Cross-posted from the TSA Blog.
What’s the biggest threat to an airplane? A knife? A pistol? While these items can be dangerous, with hardened cockpit doors installed after 9/11, an improvised explosive device poses the biggest threat to aviation security today.
I’ve talked about using Advanced Imaging Technologies to detect non-metallic and metallic threats, including IEDs already, but today I wanted to talk about another technology we have to detect explosives hidden on people and in bags. While going through checkpoints, you might have seen officers using little white swabs at TSA checkpoints at one point or another. In case you had no idea what our officers were doing, they were conducting state of the art Explosives Trace Detection (ETD) tests. And all along you thought they were giving your items a complimentary cleaning…
ETD tests are used in checkpoint, checked baggage, and cargo environments. We swab things such as laptops, shoes, film, cell phones, bags, wheelchairs, hands, casts - you name it. Certain procedures call for an ETD test.
Basically, our officers run the white swab over the area in question to collect a trace sample. They then place the swab in the ETD machinery which analyzes the sample for extremely small traces of explosives. The test takes a matter of seconds.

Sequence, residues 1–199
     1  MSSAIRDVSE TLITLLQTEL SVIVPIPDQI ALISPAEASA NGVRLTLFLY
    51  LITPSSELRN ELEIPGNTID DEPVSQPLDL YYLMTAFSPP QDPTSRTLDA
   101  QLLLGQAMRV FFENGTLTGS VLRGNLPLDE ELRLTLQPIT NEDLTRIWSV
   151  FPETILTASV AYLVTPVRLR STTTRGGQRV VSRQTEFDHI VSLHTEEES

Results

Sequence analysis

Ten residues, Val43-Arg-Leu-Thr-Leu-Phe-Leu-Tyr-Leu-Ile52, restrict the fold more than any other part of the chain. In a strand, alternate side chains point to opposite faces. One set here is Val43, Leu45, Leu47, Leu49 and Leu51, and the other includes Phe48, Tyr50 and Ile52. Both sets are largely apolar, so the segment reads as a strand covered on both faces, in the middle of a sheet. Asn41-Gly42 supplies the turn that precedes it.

In the TSA of the past, our ETD machines were anchored to certain checkpoints or baggage areas. This is a mobile technology and we’re now going to take advantage of that luxury.
Recently, we tested ETD technology outside its regular use at checkpoints and checked baggage areas, and confirmed its ability to be used in other areas of the airport like the gate to check for explosives residue on passengers. Why the move? Since the attempted attack on 12/25, we looked at ways to immediately strengthen security using existing technology and procedures in different ways. ETD is quick, good for security and cost efficient.
Sure, we’re improving the checkpoints with technology such as Advanced Imaging Technology machines, but we currently have ETD machines at every checkpoint in the country and this new procedure will help us beef up security. Explosive Trace Detection is a highly effective, proven technology.
So as you travel, you might be asked for a swab of your hands at the checkpoint or gate. It’s painless and quick. The swabs are disposed of after each use and will not be used on more than one person. This is another way we can help keep the flying public safe from attempted attacks such as the one on 12/25.For additional reading, check out these new articles on our expanded use of ETD technology:
USA Today: TSA takes explosives screening to fliers
TSA Blog Team
Published by the U.S. Department of Homeland Security, Washington, D.C